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Virtual patient educational intervention for the development of shared decision-making skills: a pilot study
  1. Simon Jacklin,
  2. Stephen Chapman,
  3. Neal Maskrey
  1. School of Pharmacy, Keele University, Keele, UK
  1. Correspondence to Mr Simon Jacklin, School of Pharmacy, Keele University, Keele ST5 5BG, UK; s.jacklin{at}keele.ac.uk

Abstract

Background Shared decision-making (SDM) involves a healthcare professional and a patient forming a congruent partnership, within which information is shared and decisions are made which align with the patient’s values. SDM does not occur to the extent it ought to; SDM requires practice. Virtual reality could help facilitate this practice.

Objective To pilot an interactive, high-fidelity virtual patient (VP) who simulates SDM within a primary care consultation.

Method Academic pharmacists and doctors were recruited from the Keele University. Participants completed prequestionnaires and postquestionnaires.

Results 18 participants (14 pharmacists and 4 medical doctors) completed the study. 89% (n=16) suggested the VP was ‘enjoyable’ or ‘highly enjoyable’ to use and 72% (n=13) suggested it was ‘very accessible’. There were diverse views about the way in which the user made their reply to the VP with ratings ranging from ‘very poor’ (n=2) to ‘very good’ (n=5); the modal rating was indifference (n=7). It seemed the multiple choice system caused the participants to feel restricted but it was unclear why those who liked the system did so.

Conclusions The VP was found to be enjoyable and thought-provoking. The data suggest that this type of intervention could be useful at many different stages of a professional’s career although the multiple-choice conversation style may be too restrictive for more experienced consulters.

  • shared decision-making
  • virtual patient
  • communication
  • education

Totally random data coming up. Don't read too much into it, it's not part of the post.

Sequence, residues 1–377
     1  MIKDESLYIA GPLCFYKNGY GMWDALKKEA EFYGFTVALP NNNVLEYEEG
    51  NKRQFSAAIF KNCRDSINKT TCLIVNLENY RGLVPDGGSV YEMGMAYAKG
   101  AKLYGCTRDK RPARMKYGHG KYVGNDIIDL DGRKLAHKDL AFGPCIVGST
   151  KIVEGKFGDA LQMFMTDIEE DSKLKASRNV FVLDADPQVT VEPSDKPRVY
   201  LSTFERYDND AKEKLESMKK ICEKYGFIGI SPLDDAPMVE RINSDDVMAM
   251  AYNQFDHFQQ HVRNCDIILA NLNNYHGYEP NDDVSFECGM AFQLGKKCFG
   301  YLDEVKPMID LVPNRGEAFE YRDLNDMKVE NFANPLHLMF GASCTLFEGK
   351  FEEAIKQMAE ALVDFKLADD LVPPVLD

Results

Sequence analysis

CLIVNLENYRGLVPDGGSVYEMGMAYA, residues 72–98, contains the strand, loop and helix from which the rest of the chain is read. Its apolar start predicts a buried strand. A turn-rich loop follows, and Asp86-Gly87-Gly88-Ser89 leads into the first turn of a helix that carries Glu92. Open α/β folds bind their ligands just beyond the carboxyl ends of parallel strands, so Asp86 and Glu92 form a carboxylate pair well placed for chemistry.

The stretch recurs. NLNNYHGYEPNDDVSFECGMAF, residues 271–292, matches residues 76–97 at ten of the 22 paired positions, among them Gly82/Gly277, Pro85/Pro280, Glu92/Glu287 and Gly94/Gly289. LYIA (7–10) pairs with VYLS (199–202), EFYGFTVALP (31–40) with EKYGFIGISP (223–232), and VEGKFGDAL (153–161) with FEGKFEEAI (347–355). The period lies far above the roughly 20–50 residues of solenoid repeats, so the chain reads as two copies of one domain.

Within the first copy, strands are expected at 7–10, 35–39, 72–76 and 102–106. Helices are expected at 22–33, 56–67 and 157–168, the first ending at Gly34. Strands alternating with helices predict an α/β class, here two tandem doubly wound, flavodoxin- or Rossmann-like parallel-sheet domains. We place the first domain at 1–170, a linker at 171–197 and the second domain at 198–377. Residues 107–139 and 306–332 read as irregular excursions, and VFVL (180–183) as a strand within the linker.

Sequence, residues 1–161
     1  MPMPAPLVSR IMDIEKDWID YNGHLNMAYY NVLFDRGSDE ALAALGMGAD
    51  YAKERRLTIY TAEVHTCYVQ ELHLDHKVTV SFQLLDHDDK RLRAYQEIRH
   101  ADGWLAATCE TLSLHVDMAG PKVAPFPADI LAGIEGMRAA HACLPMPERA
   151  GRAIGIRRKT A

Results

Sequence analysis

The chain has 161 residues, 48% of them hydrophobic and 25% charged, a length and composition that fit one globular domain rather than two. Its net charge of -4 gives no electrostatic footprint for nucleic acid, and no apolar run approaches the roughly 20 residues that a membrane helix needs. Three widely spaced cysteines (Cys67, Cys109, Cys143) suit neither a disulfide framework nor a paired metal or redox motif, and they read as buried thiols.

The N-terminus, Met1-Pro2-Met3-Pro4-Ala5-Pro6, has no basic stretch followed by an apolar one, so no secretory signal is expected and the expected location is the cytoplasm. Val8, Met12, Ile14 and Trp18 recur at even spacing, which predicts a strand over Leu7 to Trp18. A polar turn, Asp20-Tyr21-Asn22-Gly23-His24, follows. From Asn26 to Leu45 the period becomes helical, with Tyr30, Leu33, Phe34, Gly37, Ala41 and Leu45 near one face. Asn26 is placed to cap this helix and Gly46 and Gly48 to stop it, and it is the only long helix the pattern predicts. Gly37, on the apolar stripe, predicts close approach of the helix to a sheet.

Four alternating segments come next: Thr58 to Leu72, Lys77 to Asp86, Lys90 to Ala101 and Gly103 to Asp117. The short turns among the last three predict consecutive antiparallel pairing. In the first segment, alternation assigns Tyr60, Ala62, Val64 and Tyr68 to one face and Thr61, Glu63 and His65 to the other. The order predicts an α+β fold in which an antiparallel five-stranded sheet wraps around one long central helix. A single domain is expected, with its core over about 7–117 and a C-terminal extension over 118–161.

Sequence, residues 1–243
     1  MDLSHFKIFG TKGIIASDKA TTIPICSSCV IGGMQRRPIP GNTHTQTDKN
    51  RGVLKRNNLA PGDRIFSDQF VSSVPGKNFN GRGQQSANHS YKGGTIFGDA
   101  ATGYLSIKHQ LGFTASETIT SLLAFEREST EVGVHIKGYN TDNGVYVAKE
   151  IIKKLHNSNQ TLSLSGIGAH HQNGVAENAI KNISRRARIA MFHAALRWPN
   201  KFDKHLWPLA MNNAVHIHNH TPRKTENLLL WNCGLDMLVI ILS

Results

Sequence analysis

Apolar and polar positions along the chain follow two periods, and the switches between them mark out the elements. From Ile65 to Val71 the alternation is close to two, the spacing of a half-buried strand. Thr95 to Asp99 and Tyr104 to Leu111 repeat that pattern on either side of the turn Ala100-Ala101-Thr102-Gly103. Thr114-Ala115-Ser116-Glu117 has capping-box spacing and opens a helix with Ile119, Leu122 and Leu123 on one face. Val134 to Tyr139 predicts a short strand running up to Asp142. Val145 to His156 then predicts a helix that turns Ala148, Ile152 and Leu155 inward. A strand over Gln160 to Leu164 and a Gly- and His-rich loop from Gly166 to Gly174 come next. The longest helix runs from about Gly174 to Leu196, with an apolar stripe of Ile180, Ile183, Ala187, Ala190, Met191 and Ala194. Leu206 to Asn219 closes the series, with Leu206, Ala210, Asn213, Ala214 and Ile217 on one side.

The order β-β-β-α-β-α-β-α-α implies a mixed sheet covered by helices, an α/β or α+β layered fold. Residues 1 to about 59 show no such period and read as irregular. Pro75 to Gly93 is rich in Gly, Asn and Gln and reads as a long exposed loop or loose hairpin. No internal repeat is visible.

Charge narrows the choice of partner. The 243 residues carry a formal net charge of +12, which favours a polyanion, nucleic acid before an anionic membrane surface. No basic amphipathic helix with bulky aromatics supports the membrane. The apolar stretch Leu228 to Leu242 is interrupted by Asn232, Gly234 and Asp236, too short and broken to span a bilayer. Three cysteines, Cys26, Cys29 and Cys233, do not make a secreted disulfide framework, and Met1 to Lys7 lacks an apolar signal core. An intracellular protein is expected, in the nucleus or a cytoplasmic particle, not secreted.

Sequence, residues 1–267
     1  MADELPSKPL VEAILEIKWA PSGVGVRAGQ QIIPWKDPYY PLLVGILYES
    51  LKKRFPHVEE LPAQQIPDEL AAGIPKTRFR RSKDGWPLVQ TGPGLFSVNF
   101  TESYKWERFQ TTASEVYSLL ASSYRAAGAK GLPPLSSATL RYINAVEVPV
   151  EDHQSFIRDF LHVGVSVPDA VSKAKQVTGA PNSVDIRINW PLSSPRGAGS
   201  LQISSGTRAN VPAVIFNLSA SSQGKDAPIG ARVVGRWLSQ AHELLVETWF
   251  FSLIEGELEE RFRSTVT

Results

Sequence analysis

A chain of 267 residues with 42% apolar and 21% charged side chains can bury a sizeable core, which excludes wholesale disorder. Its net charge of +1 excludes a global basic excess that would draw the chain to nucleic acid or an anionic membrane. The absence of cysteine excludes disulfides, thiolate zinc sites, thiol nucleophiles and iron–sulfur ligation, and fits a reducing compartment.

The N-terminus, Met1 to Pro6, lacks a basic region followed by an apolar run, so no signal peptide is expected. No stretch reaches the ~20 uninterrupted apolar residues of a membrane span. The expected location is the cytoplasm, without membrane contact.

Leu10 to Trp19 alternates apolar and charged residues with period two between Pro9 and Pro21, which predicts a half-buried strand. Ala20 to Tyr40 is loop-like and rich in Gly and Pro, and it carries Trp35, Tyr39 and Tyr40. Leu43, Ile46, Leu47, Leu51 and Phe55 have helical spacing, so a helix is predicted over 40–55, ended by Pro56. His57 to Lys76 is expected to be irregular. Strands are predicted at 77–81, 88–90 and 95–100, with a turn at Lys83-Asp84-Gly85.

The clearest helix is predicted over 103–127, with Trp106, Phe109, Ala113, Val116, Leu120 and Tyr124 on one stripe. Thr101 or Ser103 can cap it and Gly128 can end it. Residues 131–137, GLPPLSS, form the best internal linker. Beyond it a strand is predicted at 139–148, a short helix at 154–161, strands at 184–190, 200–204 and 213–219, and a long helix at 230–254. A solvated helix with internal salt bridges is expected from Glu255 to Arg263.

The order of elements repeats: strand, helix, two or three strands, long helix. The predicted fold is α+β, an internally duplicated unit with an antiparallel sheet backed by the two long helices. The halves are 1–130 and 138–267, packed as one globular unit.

This is an open access article distributed in accordance with the Creative Commons Attribution Non Commercial (CC BY-NC 4.0) license, which permits others to distribute, remix, adapt, build upon this work non-commercially, and license their derivative works on different terms, provided the original work is properly cited, appropriate credit is given, any changes made indicated, and the use is non-commercial. See: http://creativecommons.org/licenses/by-nc/4.0/.

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Footnotes

  • Contributors SJ, NM and SC designed the study. SJ managed the data collection. SJ, NM and SC were involved in the data analysis. SJ wrote the first draft. SJ, NM and SC wrote the final version of the paper. SJ, NM and SC are all equal contributing authors. All authors reviewed the manuscript, added appropriate revisions, agreed to submission for publication, and approved the final version. The corresponding authors attest that all listed authors meet authorship criteria and that no others meeting the criteria have been omitted.

  • Funding This study was funded by National Institute for Health and Care Excellence, Joint collaboration between NICE and Keele University.

  • Disclaimer Brian Smith is not an actual patient. Any resemblance to a real person living or deceased is coincidence.

  • Competing interests The VP described in this paper is not licensed for commercial sale; none of the authors will therefore receive any monetary gain from the tool. SC is one of two patent holders for the technology. Keele University School of Pharmacy makes virtual patient products similar to the one described in this paper for a range of external commercial clients. NM is a former Programme Director of the Medicines and Prescribing Centre at NICE and a current member of the NICE Shared Decision-Making Collaborative. SJ’s PhD is funded by a joint collaboration between NICE and Keele University. NICE had no input or control over the design of the virtual patient or the writing of this paper.

  • Ethics approval Keele University Ethical Review Board.

  • Provenance and peer review Not commissioned; externally peer reviewed.

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